With regard to the Palestinian Authority, we've said - and indeed, I had an opportunity to discuss today with President Abbas - the need for reform, the need to revitalize, to revamp the Palestinian Authority so that it can most effectively meet the aspirations of the Palestinian people and deliver for them. There are a number of things that go into that including, for example, reform so that it more effectively combats corruption, that it engages and empowers civil society, that it supports free press and open media, and a number of other things.

Leadership choices - these are, of course, up to the Palestinian people and Palestinians themselves. But there are a number of things that we think would be critical to making sure that, again, the Palestinian Authority can be effective in helping to advance the aspirations and the needs of its people.

UNIDENTIFIED MALE: For the next question, Tal Shalev with Walla.

TAL SHALEV, WALLA: Secretary Blinken, reportedly there are disagreements between you and the Israeli Government about the way forward regarding the timetable. Is there a time limit from the U.S. point of view on the operation, on the continuation of the operation in Gaza? And another question, there are about 140 hostages still left in Gaza. Many of them are reportedly severely injured, and yet the Red Cross hasn't yet visited them. Can you clarify if this was indeed included in the agreement? And if it was, why isn't it being implemented, and why is Israel pressured to continue to expand the humanitarian assistance to Gaza while the Hamas does not let humanitarian access to our hostages?

BLINKEN: Thank you. First part of the question - we support, continue to support, will continue to support Israel's efforts to do everything possible to ensure that Hamas cannot repeat the horrors of October 7th. And that means, among other things, that Hamas cannot remain responsible for governance in Gaza and it cannot retain the capacity to repeat those attacks.

How Israel does it, those are decisions for Israel to make. But as I've said, we also believe it's very important that, in engaging in that effort, the way it does matters, makes a big difference. And as we've just discussed, the imperative of putting a premium on protecting civilians and ensuring humanitarian assistance flows into Gaza is something that is vital to us and something that the Israeli Government agrees with.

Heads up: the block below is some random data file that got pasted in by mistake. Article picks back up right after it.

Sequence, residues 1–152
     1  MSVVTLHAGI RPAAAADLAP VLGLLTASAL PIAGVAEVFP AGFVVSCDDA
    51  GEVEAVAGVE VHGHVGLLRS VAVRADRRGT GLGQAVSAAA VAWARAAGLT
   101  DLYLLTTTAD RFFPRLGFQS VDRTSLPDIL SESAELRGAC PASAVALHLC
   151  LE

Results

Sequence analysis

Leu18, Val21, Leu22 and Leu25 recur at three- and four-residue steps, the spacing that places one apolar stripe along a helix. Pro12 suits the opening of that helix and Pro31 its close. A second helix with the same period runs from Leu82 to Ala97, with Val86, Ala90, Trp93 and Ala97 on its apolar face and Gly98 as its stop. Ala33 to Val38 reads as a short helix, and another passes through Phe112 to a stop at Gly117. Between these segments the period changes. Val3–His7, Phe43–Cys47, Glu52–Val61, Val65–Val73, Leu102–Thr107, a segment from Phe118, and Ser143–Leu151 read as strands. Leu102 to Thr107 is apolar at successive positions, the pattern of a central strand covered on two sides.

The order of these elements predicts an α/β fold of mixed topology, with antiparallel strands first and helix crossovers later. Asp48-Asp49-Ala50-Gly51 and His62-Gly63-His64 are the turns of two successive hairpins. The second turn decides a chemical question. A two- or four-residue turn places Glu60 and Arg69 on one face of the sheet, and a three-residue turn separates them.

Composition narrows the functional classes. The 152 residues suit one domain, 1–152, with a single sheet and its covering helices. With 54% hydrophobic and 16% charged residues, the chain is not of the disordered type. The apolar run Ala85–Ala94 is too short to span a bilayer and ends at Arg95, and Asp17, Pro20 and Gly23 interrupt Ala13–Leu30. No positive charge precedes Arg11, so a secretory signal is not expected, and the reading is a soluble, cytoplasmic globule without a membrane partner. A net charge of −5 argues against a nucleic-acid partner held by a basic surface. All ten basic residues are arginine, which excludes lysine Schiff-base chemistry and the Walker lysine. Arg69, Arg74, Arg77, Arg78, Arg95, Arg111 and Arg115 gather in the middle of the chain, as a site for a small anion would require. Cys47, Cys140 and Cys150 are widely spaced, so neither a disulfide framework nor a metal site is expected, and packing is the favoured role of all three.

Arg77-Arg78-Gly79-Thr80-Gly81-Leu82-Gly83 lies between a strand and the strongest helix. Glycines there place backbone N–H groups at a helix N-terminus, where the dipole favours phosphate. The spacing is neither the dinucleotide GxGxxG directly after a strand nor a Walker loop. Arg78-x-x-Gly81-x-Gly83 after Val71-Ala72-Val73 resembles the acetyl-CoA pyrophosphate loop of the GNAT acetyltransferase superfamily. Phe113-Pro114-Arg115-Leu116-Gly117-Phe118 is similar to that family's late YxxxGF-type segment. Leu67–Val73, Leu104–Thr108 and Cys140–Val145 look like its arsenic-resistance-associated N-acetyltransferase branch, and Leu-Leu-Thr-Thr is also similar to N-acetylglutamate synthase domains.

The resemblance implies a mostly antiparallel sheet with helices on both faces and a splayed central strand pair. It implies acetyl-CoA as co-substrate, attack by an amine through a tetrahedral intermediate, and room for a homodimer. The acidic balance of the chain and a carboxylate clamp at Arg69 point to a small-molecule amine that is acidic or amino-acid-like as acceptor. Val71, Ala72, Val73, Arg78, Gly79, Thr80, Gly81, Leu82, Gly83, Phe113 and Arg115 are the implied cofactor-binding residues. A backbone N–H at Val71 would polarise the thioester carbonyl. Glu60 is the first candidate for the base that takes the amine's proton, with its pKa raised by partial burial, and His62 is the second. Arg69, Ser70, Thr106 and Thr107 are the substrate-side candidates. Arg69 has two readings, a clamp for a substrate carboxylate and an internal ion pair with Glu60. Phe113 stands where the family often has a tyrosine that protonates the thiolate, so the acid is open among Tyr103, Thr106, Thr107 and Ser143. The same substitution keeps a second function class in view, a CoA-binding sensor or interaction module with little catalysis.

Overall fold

On the hostages, I'm not going to get into any of the negotiations or any agreements. But clearly it would be very beneficial and important for the Red Cross to have access to hostages, to be able to check on their well-being and condition. Having said that, of course none of that should be necessary because there shouldn't be any hostages in the first place.

That horrific part of what Hamas did on October 7th is something that we are dealing with now every single day.


The positive development is, as I said, we're now completing the seventh day where hostages have been returned to their families. And that's a very positive and powerful thing; it's something that we want to see continue. And Hamas should release everyone right now. But in the absence of doing that, and as this process, I hope, continues, yes, it would be very good for the Red Cross to have access and to see them.

The question of humanitarian assistance is something fully apart from Hamas or the hostages, because this is about innocent men, women, and children in Gaza - they're not Hamas - who desperately need the aid, who desperately need the help. Conditions in Gaza are very, very, very difficult and severe. And the need for the most basic things - for food, for water, for medicine, for fuel to make sure that people can have clean water, that they can have sewage systems that work - that's absolutely essential and imperative.

And as I said earlier, particularly as we head into winter, we're already seeing the potential for disease outbreaks because, for example, of a lack of potable drinking water. So this is an imperative. It's an imperative because it's the right thing to do; it's an imperative because it's the necessary thing to do. And again, I come away convinced from my discussions with the Israeli Government that they fully not only understand that, but believe that and will act on it.

UNIDENTIFIED MALE: Vivian Salama with The Wall Street Journal.

VIVIAN SALAMA, THE WALL STREET JOURNAL: Thank you, Mr. Secretary. I know it's been a long day, so apologies for the bundle of questions. Hamas is believed to have released the vast number of women and children that were in its captivity. So what assurances, if any, do you have that Hamas might be open to releasing male hostages? And on the flip side of that, is Israel prepared to agree to the conditions set out by Hamas on that?

Separately, President Biden has signaled that he - that the U.S. is prepared to issue visa bans on what he described as extremist Israeli settlers. What is the status of that?

And forgive me - one last one on India. Federal prosecutors on Wednesday charged India - an Indian national in a murder-for-hire scheme targeting a Sikh separatist and activist in New York who's a U.S. citizen. According to the indictment, the assassination plot was organized by an Indian Government official. The U.S. charges come shortly after Canada - Canada's Prime Minister said that an Indian government - the Indian Government participated in extrajudicial killing of a Canadian citizen on Canadian soil. Are you concerned that India is turning to tactics that violate international human rights law to silence its critics around the world? Thank you.